Report shows need for board, commission reform in Oklahoma
by THE OKLAHOMAN EDITORIAL BOARD
WHENEVER government corruption and mismanagement occur, it’s asked why such abuses have been tolerated. Yet those outcomes may be a direct result of government structure, as a new report makes clear.
“Baked-In Corruption: The Need to Reform Boards and Commissions,” by the conservative 1889 Institute, points out the institutional structure of Oklahoma state boards and commissions often gives special interests outsized representation, fueling conflicts of interest, self-dealing, and groupthink.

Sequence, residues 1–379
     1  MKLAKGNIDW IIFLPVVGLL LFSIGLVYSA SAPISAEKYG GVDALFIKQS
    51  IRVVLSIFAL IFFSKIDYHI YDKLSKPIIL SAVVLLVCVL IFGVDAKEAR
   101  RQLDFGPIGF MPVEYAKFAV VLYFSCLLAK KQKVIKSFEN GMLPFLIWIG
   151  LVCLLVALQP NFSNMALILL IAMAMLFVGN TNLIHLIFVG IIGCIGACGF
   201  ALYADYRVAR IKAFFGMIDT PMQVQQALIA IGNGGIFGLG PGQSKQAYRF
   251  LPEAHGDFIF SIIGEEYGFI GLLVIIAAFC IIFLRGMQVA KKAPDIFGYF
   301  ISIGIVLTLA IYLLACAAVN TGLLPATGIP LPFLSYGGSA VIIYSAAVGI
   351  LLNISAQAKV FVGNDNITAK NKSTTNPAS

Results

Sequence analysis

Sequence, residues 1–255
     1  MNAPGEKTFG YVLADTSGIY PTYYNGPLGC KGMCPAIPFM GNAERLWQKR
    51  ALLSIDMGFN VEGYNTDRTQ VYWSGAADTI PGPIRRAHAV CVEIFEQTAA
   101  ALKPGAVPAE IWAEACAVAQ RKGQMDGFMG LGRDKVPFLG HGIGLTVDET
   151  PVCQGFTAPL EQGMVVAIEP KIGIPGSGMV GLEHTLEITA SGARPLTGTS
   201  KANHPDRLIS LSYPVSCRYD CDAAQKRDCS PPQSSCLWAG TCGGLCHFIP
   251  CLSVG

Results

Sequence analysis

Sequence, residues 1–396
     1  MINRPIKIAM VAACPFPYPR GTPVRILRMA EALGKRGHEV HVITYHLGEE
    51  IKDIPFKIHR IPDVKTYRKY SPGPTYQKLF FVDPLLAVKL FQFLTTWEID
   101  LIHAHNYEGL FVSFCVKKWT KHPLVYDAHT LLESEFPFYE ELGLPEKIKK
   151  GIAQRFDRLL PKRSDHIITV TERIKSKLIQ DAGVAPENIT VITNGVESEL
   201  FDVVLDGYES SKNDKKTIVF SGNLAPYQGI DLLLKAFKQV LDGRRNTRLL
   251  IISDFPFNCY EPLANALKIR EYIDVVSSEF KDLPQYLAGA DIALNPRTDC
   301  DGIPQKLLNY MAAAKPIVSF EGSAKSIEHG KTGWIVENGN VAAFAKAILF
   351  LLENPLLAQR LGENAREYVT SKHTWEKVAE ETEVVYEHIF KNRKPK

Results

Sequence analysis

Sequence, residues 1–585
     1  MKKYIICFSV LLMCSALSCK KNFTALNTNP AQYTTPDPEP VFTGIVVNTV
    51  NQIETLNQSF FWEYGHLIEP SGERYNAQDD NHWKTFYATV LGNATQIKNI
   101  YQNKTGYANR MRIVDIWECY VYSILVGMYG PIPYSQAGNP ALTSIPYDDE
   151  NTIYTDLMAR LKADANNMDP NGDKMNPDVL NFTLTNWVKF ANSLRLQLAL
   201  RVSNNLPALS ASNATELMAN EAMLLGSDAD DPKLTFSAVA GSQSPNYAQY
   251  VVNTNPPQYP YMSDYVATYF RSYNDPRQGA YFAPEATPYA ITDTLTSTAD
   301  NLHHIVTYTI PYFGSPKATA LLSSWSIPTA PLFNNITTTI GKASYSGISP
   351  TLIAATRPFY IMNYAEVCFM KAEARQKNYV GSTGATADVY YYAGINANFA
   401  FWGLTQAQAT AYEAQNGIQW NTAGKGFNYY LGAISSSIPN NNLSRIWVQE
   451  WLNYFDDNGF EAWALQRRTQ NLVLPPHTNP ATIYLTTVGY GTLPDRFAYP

“We’ve essentially given licensing boards, health boards, and educational boards a license to self-deal,” said the study’s author, Byron Schlomach, economist and director of the Oklahoma City-based institute.
The report notes “every licensing agency is headed by a board comprised mostly of individuals licensed to practice the profession they regulate. Virtually every decision they make impacts their own professional practice directly or indirectly and is almost bound to have financial implications for each of the board members.”